Album Review: Cortijo – 1969-1971, The Ansonia Years [Vampi Soul, October 2015]

The 1950s saw the emergence of what it is now known as salsa. The combination of bomba and plena, two Puerto Rican traditional musical styles, was encouraged by Rafael Cortijo Verdejo (1928-1982). For 30 years, Cortijo took inspiration from these rhythms, and explored the musical diversity of the Afro-West Indian, with an emphasis on a dialogue between their Puerto Rican and Cuban forms. Cortijo’s style featured spontaneity and locality, with an energetic and impulsive percussion, and voices that were recognised as the tropical music and dance of his time, different from that of the tropical big band.

Since the middle of the 1950s, El Combo was one of the most renowned orchestras in Puerto Rico. In 1954, Cortijo became a member. Mario Román, leader of El Combo, stopped working, and the next year (1955) it was known as Cortijo y Su Combo. This was an opportunity for Cortijo to know and play with artists such as Sammy Ayala, Rafael Ithier, or Ismael Rivera. From this time on, Cortijo recognised that “Afro Caribbean music was known worldwide” and that his success as percussionist, orchestra leader and composer was due to the sound of his percussion.

Having founded Ansonia Records in New York in 1949, the Puerto Rican entrepreneur, Ralph Pérez, was concerned about Cuban, Puerto Rican, Dominican and South-American artists related with traditional and popular music. Ansonia became a very well known recording company.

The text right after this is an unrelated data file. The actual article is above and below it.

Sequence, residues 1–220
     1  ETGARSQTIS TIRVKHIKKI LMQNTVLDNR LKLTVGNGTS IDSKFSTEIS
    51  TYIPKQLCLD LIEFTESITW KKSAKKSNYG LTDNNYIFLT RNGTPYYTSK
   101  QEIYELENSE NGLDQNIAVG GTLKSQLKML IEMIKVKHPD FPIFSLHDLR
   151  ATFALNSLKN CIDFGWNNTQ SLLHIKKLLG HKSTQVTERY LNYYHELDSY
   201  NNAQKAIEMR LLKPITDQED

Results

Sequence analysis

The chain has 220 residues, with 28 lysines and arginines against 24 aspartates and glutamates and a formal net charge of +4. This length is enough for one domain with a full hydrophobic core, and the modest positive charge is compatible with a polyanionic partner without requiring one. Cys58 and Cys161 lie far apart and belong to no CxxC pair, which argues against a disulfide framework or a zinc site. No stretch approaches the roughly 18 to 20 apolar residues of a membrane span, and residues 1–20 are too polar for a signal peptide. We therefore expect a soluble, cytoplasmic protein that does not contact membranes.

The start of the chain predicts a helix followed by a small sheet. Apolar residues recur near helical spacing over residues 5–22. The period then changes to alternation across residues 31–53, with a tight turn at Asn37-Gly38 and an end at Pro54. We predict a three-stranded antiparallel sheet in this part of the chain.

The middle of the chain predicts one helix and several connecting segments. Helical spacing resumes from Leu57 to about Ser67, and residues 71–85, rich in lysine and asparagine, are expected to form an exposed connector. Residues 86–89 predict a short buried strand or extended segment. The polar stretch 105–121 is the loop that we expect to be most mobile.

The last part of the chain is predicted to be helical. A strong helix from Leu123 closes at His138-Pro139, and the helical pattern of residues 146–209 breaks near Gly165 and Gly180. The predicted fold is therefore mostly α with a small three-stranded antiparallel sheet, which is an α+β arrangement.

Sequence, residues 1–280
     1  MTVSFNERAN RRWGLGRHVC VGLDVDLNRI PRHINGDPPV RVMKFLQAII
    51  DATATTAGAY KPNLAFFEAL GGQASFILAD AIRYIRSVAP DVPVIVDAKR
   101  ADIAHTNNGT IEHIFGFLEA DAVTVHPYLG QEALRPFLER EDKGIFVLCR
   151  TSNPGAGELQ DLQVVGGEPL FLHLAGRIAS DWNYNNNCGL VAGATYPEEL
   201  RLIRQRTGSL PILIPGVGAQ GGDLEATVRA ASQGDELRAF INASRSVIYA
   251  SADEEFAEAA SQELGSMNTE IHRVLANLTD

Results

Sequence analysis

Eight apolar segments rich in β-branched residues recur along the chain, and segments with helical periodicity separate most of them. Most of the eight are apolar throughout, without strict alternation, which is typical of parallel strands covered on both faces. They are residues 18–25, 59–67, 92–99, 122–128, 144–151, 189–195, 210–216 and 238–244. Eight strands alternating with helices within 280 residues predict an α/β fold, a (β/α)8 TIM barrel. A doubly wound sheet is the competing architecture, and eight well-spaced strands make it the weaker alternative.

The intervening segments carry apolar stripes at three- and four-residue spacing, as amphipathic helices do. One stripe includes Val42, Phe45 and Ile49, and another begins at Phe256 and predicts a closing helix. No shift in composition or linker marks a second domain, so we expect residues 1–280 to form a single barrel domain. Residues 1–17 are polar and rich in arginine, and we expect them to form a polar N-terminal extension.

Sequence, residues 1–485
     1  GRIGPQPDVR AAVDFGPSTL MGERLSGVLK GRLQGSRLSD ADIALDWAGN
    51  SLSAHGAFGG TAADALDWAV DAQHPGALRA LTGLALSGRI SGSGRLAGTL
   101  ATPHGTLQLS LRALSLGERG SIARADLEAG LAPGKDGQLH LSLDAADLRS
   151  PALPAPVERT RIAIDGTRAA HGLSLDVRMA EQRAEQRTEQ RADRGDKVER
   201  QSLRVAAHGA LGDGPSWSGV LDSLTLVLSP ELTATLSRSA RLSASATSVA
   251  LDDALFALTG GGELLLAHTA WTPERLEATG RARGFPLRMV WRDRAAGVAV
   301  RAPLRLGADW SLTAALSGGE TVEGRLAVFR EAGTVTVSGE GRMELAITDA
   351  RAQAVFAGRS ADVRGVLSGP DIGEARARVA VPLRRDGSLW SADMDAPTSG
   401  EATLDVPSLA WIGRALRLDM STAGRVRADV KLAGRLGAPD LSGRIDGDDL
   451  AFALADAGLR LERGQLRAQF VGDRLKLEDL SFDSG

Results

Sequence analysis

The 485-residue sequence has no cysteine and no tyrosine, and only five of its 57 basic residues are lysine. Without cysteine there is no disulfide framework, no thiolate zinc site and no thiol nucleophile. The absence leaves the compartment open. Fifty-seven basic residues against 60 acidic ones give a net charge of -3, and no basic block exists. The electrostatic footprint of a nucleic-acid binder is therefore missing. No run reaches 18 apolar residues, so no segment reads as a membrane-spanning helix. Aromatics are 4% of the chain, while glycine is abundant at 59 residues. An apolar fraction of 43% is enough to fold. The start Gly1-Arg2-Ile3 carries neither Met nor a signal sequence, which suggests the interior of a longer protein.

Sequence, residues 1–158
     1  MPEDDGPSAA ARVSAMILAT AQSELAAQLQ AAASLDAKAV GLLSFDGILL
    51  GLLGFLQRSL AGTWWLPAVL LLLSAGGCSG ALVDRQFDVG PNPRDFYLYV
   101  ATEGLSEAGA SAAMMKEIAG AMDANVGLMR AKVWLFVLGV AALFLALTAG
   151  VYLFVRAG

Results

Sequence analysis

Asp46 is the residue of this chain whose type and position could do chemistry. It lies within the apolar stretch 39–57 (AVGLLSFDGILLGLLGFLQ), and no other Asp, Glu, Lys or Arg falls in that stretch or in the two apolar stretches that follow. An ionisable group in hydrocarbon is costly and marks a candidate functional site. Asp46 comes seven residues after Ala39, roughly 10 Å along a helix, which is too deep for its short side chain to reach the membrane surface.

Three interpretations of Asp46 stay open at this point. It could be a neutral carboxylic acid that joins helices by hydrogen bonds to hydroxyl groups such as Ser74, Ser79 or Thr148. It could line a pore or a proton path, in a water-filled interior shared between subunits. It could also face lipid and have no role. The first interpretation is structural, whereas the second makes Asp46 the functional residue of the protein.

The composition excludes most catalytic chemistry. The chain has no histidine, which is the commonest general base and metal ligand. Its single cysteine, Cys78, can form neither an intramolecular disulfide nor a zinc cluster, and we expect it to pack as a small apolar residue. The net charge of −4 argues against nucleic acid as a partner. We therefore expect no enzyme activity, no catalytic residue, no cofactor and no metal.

At the end of the 1960s, Ansonia was directed by Herman Glass, who enriched the Latin American music catalogue. Between the 1960s and 70s, Cortijo had already moved to New York. There, he formed and played with many different orchestras, and also signed many recording contracts. One of these was with Ansonia Records, which became an opportunity to be an ambassador of the most important Puerto Rican rhythms: la bomba and la plena.

Cortijo’s production of Ritmos y cantos callejeros (Street Rhythms and Songs) brought an identity of Salsa, both in New York and the Caribe. Due to the success of this project, Cortijo recorded two more records EP, between 1969 and 1971, for Ansonia Records: Noche de temporal (Storm Night) and Volumen 2 (Volume 2). The Nuyorican version of Cortijo’s music in The Ansonia Years recalls, as a first instance, his 1950s’ success. These recordings are characterised by the participation of the Cuban pianist Juan Vázquez, the singers Johnny Vega and Chivirico Dávila, and the use of the piano and bass as innovations for his music, the dialogues between different rhythms such as  guajeos and tumbaos, the best of Santurce traditions of Puerto Rico, genres such as merengue, samba, Cuban son and rumba, and a compact and inclusive musical character.

All of the songs in the album are the expression of the Afro Cuban, West Indian and Puerto Rican mixture, through which Cortijo paid a sincere tribute to his musical roots. Almost a half-century later, Cortijo’s honest, spontaneous and original playing still produces a huge emotion and enthusiasm, as well as influences new generations of artists.